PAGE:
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Uptown Oakland

Lani Conway | January 3, 2013 | Lifestyle Story City Life Neighborhoods

17th Street to 25th Street; Broadway to Telegraph

The “I hella love Oakland” ethos may not be new, but it’s kicking into high gear in Uptown. Just a few years ago, 25th Street had nothing to offer but a few artist studios tucked into abandoned auto repair shops. But these days, its commonwealth of high-octane pop-up galleries is the nexus of the Bay Area’s buzziest artist community, drawing 8,000 people every month for Oakland Art Murmur’s First Fridays. At the 25th Street Collective (477 25th St.), local creatives churn out upcycled leather jackets via Platinum Dirt and make your Goodwill clothes new again by way of Ghetto Goldilocks. It’s a full-on artisan incubator, complete with a storefront gallery, a wine bar, workshops, and edutainment events.

Since 2009, the revamped Fox Theater (1807 Telegraph Ave.) has been bringing in big-name acts like Vampire Weekend and Neil Young, but now Uptown is attracting a new wave of bars and industrial-design restaurants, as well as a motley crew of spirited artists, community organizers, and Pandora employees. Yes, there are high-rise condos with stainless steel appliances, like the Uptown apartments at 20th Street and Telegraph, but within a five-minute walk, you can find Make Westing (bocce ball, anyone?), the Layover (a shoe-box dance dive), Rudy’s Can’t Fail Cafe (post-drink dinner fare), and Diving Dog Brewhouse’s DIY microbrew lab (1741 Telegraph Ave.; 1517 Franklin St.; 1805 Telegraph Ave.; 1802 Telegraph Ave.). Very soon there will also be Duende (468 19th St.), a restaurant by Paul Canales, formerly of Oliveto.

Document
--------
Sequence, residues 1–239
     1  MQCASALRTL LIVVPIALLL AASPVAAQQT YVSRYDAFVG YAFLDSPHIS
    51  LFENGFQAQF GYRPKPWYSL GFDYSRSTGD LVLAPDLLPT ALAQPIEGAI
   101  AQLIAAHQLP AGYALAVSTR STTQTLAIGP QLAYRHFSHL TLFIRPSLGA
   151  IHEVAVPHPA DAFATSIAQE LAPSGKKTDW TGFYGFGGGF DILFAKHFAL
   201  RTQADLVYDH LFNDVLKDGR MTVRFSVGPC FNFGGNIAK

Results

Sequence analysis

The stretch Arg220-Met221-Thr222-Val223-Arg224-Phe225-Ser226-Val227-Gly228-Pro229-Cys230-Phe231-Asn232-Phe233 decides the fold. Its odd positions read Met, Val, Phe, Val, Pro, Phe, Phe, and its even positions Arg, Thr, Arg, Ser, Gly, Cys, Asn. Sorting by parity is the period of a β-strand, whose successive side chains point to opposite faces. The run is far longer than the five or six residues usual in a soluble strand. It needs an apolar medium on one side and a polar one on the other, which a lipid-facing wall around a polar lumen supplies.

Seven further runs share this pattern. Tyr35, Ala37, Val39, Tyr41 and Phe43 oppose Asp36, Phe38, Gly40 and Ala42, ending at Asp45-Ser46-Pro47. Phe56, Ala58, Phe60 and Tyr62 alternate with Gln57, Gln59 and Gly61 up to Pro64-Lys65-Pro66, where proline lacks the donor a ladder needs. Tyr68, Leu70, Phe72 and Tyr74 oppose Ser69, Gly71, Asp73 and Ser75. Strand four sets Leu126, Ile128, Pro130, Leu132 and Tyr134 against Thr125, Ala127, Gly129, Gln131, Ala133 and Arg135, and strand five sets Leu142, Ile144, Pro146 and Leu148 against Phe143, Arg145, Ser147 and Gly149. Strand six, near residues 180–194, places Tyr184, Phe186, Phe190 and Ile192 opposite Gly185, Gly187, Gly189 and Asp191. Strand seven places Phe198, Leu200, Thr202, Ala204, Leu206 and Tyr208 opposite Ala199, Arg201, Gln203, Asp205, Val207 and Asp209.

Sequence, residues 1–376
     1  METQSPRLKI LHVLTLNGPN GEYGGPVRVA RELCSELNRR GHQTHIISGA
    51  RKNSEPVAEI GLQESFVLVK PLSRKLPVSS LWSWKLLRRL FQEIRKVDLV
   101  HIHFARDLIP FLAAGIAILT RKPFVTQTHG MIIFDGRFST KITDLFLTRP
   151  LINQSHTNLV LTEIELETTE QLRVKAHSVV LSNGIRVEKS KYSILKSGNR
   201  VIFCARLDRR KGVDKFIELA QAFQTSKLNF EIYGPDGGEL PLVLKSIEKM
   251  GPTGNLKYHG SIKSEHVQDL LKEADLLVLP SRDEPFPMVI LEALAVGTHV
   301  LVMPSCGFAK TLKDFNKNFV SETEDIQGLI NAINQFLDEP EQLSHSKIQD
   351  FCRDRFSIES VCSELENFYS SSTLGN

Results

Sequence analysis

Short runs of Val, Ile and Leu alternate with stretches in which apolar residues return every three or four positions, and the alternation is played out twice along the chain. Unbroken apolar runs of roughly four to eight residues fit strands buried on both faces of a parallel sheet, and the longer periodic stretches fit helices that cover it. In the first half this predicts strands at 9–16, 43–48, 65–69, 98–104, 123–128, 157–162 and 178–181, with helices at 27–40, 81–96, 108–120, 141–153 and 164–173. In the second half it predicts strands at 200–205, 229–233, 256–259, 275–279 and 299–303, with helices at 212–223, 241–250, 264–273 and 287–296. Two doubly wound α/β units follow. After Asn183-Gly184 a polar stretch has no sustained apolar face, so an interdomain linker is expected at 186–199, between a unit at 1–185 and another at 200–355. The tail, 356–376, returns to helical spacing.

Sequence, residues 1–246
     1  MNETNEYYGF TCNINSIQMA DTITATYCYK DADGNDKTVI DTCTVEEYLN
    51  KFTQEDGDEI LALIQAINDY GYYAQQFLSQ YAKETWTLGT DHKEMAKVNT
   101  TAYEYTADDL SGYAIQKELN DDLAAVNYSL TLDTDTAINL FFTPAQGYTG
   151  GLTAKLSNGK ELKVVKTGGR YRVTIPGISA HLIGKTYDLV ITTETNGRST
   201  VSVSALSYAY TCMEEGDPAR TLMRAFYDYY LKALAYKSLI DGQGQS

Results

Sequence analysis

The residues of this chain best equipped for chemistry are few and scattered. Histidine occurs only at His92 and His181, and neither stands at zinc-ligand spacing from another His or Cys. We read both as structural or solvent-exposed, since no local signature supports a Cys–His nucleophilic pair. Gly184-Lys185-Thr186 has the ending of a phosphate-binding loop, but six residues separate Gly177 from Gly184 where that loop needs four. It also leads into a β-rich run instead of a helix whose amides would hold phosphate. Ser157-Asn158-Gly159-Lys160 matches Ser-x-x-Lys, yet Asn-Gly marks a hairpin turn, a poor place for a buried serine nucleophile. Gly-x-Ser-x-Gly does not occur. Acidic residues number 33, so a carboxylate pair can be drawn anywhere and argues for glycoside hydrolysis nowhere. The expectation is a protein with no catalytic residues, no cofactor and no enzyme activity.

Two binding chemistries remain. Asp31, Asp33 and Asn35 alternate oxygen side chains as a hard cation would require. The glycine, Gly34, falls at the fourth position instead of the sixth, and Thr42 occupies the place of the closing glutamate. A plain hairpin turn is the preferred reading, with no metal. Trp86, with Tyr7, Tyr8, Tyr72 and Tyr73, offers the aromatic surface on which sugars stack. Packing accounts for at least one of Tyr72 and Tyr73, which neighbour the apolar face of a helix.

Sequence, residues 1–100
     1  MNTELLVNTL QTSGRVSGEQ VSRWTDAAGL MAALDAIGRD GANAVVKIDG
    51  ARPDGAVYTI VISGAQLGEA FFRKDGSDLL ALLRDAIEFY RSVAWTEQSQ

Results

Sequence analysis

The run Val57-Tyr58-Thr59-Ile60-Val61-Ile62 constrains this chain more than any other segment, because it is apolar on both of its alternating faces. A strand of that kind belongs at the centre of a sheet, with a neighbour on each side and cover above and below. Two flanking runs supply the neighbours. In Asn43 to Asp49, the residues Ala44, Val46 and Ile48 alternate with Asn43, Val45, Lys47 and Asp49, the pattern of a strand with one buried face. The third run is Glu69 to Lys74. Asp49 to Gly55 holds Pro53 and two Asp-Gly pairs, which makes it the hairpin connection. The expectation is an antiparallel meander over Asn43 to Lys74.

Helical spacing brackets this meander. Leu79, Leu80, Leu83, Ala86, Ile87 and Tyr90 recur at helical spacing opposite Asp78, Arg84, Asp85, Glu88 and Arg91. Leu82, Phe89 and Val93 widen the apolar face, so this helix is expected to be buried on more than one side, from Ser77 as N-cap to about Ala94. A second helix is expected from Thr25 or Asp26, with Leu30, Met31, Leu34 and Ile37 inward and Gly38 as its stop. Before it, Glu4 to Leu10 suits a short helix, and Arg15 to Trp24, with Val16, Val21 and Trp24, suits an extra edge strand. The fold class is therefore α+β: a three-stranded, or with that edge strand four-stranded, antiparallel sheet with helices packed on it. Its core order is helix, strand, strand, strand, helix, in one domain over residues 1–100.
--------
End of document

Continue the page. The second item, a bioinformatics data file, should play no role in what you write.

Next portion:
Around the corner from the Parkway Theater (474 24th St.) are the beginnings of a new bazaar-style town center that promises to bring even more murals and urban-ag markets to Uptown’s percolating mix, as well as an outdoor staging area, a beer garden, wood-fired organic pizza joints, and yoga houses. But if you’re looking for accessible green space, Farley’s East’s new parklet (33 Grand Ave.) is about all you can expect to find here.


Affordability: B (rent for a two-bedroom condo, $2,500; cost of a two-bedroom, $450,000)

Walkability to amenities: A (bike- and pedestrian-friendly roads lead to bars, restaurants, and theaters galore)

Public transportation: A (AC Transit; BART stations at 12th and 19th streets; a free shuttle to Jack London Square and Lake Merritt)

Weather: A (Summer forecast: 72 degrees and sunny)

Safety: C (Tends to be safer than the surrounding neighborhoods, but as with the rest of Oakland, crime is on an uptick)

The Bummer: Welcome to the uptown food desert—not a grocery store in sight

Read More: The Bay Area's top 10 microhoods
Ocean Beach: For a reminder that this is a beach town
Polk Gulch: For bustling nightlife (just don't call it the next Valencia)
Richmond Annex: For the no-strings-attached white picket fence
NoPa: Because it's the Mission 10 years ago
North Beach East: For Little Italy charm without the tourist kitsch
Mission Creek: Because it's the new locavore mecca
Hayes Valley: For a livable MoMA
Dogpatch: Because it's an urban laboratory
Burlingame Terrace: Because maybe Pleasantville isn't lame after all

Marin (an Apologia): Why nothing north of the Golden Gate made the cut

The Eden Index: Two hundred Bay Area residents on what they want in a neighborhood.

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